In Freud’s Interpretation of Dreams, he quotes poet-philosopher Friedrich Schiller; “You worthy critics, or whatever you may call yourselves, are ashamed or afraid of the momentary and passing madness which is found in all real creators, the longer or shorter duration of which distinguishes the thinking artist from the dreamer.”
I’d like to call your attention to this particular part; “ashamed or afraid of the momentary and passing madness”
I often say that people who do not want to “dig deep” resist because they are afraid of what they might find. This is an underrated benefit/product of a good counselor-client relationship. One of a counselor’s main responsibilities is to do what is in their power to make you feel you are in a safe environment. This is not only referring to the actual physical setting the counseling is taking place in (a basketball court in the Bronx vs. a private office in the country), but also how far into your soul you can search with the assurance that you won’t be lost, or at the very least alone. Soul-searching is scary. So scary most people don’t do it. They do not feel safe enough to venture the unknown territory of their subconscious, for fear of what they’ll find, usually pointed toward some sort of suspected inadequacy. A counselor doing his or her job will demonstrate characteristics such that the client feels understood enough, attended to, and not judged. It is only under these circumstances that they may take a glimpse into the deeper parts of their hearts and minds, the parts that are less well known than the fluffy stuff, and as such seem overwhelming and disconcerting to navigate.
I’ve been experiencing some severe writers block lately. When I came across this quote, it hit home, hard. Every time I sit down to write, the inner critics go to town, detailing to me what I should do and how and why and “Don’t do that they’ll think it’s stupid…Make sure and do this to help them better understand!” For this reason, something that was crystal clear in the middle of my workout becomes muddled and misshapen by the time I get to the computer, if I can even keep the critics quiet long enough for me to sit down. What’s the result? Frustration, stagnation, and STRESS. I’ve been producing abnormally high amounts of adrenaline the past few weeks, which I can directly connect to the increase in stress I’ve been experiencing with this writer’s paralysis. Why can’t I say what I think? What am I afraid of? I’m afraid people will think I’m nuts. I’m afraid people will think I’m stupid. Why? Because when I told people what I really think, they gave me puzzled looks and blank stares. So I stopped telling people. It made so much sense to me! Did I not articulating myself well enough? Even when I do, the ideas are usually so incredulous that their response includes a million and one obvious reasons why the idea wouldn’t fly.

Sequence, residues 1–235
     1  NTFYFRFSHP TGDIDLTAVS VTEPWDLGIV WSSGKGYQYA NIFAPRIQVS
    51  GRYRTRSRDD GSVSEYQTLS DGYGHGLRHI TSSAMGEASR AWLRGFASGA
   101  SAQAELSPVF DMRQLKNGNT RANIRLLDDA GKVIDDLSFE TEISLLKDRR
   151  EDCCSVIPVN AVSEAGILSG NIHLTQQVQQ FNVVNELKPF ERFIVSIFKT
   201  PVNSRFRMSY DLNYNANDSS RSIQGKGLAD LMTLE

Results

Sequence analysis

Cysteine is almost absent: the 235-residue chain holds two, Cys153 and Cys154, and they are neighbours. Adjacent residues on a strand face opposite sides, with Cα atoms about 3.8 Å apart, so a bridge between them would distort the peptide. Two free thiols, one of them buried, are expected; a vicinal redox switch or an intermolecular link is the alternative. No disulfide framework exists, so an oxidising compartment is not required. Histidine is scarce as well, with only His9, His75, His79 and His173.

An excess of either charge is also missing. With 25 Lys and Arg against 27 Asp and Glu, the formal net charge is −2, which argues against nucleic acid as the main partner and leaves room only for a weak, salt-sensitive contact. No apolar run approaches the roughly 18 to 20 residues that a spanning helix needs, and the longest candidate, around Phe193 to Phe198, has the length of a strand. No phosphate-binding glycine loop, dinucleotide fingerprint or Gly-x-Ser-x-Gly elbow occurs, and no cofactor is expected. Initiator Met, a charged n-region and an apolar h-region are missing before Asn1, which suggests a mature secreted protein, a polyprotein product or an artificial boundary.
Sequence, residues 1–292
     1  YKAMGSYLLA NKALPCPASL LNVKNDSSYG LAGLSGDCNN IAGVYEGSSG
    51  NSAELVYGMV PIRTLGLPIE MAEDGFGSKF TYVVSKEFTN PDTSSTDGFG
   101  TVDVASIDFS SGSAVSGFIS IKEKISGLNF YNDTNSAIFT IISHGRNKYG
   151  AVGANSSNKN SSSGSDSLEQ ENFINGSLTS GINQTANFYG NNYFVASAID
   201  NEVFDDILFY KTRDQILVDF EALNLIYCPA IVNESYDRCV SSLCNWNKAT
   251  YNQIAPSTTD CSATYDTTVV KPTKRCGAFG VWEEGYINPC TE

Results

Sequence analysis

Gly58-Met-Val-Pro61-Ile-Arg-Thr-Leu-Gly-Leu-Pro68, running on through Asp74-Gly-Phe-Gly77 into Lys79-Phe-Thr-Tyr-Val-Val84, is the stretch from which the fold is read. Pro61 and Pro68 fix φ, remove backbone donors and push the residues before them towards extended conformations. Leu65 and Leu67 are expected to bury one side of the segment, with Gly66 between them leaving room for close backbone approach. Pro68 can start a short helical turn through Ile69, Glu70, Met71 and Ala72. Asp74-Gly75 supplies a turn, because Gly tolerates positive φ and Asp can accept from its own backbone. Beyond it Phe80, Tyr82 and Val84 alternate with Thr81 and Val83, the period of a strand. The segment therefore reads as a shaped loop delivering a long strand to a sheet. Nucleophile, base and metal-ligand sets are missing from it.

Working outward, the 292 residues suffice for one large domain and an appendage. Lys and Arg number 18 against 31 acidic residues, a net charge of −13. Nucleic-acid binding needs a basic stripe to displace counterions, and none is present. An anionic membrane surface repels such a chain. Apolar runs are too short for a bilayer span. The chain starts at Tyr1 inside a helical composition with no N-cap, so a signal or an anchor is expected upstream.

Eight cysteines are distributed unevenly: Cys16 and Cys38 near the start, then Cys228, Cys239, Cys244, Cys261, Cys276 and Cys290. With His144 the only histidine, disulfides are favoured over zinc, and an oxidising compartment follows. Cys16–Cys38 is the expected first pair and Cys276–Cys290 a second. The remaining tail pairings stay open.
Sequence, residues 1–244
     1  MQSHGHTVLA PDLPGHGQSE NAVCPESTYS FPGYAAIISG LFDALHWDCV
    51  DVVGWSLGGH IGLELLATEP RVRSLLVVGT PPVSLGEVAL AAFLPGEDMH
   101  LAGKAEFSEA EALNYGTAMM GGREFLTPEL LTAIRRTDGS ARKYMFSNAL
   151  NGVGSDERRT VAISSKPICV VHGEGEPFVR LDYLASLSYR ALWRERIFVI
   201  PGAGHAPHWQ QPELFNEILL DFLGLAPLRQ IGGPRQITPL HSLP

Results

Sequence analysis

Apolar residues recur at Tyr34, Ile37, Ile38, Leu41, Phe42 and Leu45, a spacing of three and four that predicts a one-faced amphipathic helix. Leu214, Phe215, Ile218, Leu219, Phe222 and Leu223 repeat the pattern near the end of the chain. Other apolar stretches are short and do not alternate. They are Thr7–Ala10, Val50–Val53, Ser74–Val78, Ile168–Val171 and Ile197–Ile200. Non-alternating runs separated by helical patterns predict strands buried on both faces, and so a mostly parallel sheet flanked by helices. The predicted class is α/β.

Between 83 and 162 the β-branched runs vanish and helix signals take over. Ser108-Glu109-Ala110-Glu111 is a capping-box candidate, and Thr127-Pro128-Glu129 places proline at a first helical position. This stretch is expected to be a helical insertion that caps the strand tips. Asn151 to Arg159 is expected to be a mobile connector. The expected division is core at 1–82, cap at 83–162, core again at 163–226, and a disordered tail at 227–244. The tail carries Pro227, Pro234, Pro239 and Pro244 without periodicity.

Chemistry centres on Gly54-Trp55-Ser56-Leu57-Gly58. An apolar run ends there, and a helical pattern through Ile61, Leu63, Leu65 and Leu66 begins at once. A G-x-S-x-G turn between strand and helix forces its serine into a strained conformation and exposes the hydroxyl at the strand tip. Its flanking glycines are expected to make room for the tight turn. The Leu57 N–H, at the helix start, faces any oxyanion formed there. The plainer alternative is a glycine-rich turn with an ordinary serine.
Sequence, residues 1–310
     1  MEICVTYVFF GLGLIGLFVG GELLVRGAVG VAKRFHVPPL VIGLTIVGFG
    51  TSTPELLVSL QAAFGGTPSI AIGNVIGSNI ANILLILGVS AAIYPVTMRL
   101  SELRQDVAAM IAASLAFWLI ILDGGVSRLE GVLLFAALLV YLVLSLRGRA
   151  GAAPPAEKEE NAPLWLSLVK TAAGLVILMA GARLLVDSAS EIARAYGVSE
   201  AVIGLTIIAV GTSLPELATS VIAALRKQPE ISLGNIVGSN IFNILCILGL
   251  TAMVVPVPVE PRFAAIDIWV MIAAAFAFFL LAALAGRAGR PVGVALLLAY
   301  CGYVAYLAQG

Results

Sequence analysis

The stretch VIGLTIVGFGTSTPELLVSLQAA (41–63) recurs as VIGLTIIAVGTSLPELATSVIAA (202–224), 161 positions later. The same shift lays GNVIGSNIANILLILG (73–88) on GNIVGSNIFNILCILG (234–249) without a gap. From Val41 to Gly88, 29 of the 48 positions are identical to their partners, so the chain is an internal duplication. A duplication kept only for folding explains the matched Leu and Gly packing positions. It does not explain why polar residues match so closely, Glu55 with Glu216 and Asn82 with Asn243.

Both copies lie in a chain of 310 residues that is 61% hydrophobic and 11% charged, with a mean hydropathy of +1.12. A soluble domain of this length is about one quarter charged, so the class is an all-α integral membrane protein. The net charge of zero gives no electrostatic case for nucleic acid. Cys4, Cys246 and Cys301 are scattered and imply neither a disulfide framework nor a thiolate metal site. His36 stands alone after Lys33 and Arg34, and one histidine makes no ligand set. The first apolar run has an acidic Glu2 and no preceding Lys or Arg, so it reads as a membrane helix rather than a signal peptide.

When I was younger it didn’t bother me so much. I took it as a challenge of sorts. I’d prove to them my idea could work! And I often did. Then somewhere along the way, I ran into a bunch of dream kickers. If you can picture it: my creative mind was like a schoolboy in the fetal position behind the playground, being kicked by a gang of older boys so they could commandeer his lunch money. It’s human nature, basic behaviorism – you do something and get kicked enough times, you don’t do that something anymore. For me, that meant no more talking about radical ideas. Then, somewhere down the line, I started to question everything I thought. If I was wrong about the big stuff, couldn’t I be wrong about more?
The schoolboy starts to look more like a 14 year old girl and the gang of older boys is penetrating her psyche. The heinous act they commit is not only traumatic for her, but they have stolen something from her that she can never have back; her innocence. And with that…her child-like wonder and creativity. I don’t know how long this has been happening, or how it got this bad, but that quote was my “wake-up call”. From now on, I’m fighting back.
Let them think I’m crazy. Let them think I’m irrelevant. I don’t care, because I just want them to think. Let the madness begin.